This page explains the structure of the New Zealand court system and heirarchy, from the District Court up to the Supreme Court, and other relevant tribunals.
Are the NZ Courts independent?
Absolutely. New Zealand has three distinct branches of government that operate independently from one another. These branches are legislature (Parliament, who make laws by passing statutes), the Executive – meaning Cabinet and Ministers (in a coalition some may be outside Cabinet) plus government departments, like the police, who enforce the laws, and finally the Judiciary (our court system, which applies and interprets those laws).
Although state funded and paid, New Zealand has a strong history of independent judges who believe in the rule of law and are willing to hold the other branches of government to account when necessary. Bear in mind, though, that ultimately Parliament is the supreme branch and if it passes a clear law by valid majority of MPs, the Courts cannot overturn it or strike it down. However, they may sometimes interpret its wording narrowly in specific cases, a process sometimes described as ‘reading it down’.
New Zealand has an adversarial court system, where in most cases counsel for each side of the dispute will present their evidence and argue their case before a judge who knows at the outset little about the matter. That Judge then makes their decision based on what evidence and arguments is presented to them; not usually going into their own inquisitorial lines of enquiry outside the bounds of what the parties choose to present.
What court sits at the top of the NZ tree?
We have a hierarchical court structure, derived from the British system, with rights of appeal up the tree. The Supreme Court sits at the top, and it was established in 2004 to replace the old English Judicial Committee of the Privy Council. Below that sits the Court of Appeal, the High Court, and the District Court, in that order. These are our main courts which all have a general jurisdiction, meaning they deal with the whole range of civil and criminal cases that society may throw up for resolution.
New Zealand also has a number of specialist courts that sit below, or at an equal level to, the District Court. Often they will be located in the same physical building as a District Court. Examples include the Environment Court, Youth Court or Family Court.
How do appeals take place?
Depending on which court the matter starts off in (frequently, the District Court) there is normally one appeal as of right available to the losing party, and then one further appeal possible if leave to appeal is granted by the appropriate judge(s).
As the court of final appeal, the Supreme Court is the end of the road for litigants, and it concentrates on cases having a wide impact, raising crunchy policy questions, or important to maintaining overall coherence in the legal system.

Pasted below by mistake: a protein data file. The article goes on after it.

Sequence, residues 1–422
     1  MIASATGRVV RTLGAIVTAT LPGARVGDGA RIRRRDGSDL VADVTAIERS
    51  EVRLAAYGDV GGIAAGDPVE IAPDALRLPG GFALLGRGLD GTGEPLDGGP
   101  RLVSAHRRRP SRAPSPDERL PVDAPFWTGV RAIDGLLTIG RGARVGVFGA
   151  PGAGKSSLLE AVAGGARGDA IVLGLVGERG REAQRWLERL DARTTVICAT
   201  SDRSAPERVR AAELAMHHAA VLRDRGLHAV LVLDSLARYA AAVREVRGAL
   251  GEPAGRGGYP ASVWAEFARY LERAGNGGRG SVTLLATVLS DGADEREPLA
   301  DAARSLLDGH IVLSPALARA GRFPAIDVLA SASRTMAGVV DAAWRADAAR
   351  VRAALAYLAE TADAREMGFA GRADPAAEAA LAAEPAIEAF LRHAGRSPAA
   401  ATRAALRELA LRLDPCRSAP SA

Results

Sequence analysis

Appeals to the Supreme Court can be heard only with the leave of that court. It must give leave to appeal only if it is satisfied that it is necessary in the interests of justice; in any given year it will usually refuse leave to appeal in more cases than it will allow. In practice, this means that for many disputes the Court of Appeal (usually sitting in divisions of 3 judges) may end up the final appellate body for that particular issue, and so its rulings and precedents can be very important too.
Which court should I begin my case in?
Which court to make a claim in depends on a number of factors, so there is not an automatic choice. Key issues include:
- the value of the claim – where it is a small claim up to NZ$350,000, the District Court or even the Disputes Tribunal may be the appropriate and likely choice;
- for larger value claims, the High Court is the place to commence a claim for most litigants; you cannot originate a claim in the Court of Appeal;
- what the claim is about – certain types of jurisdiction/areas of law, for instance Insolvency and Company Liquidations, must go to the High Court, and in addition there are many specialist tribunals and other courts (e.g. Employment Court) that are dedicated to particular issues of law.
For civil claims involving commercial cases or money claim, the person starting a case will be called the plaintiff, and the one being sued the defendant. It may also be the case that you cannot personally bring a claim for some kinds of issue. For example, criminal proceedings are brought by the Crown/Police or another government agency authorised under a statute. It is rare for private prosecutions to occur, and they generally require leave of the NZ Attorney-General before going ahead.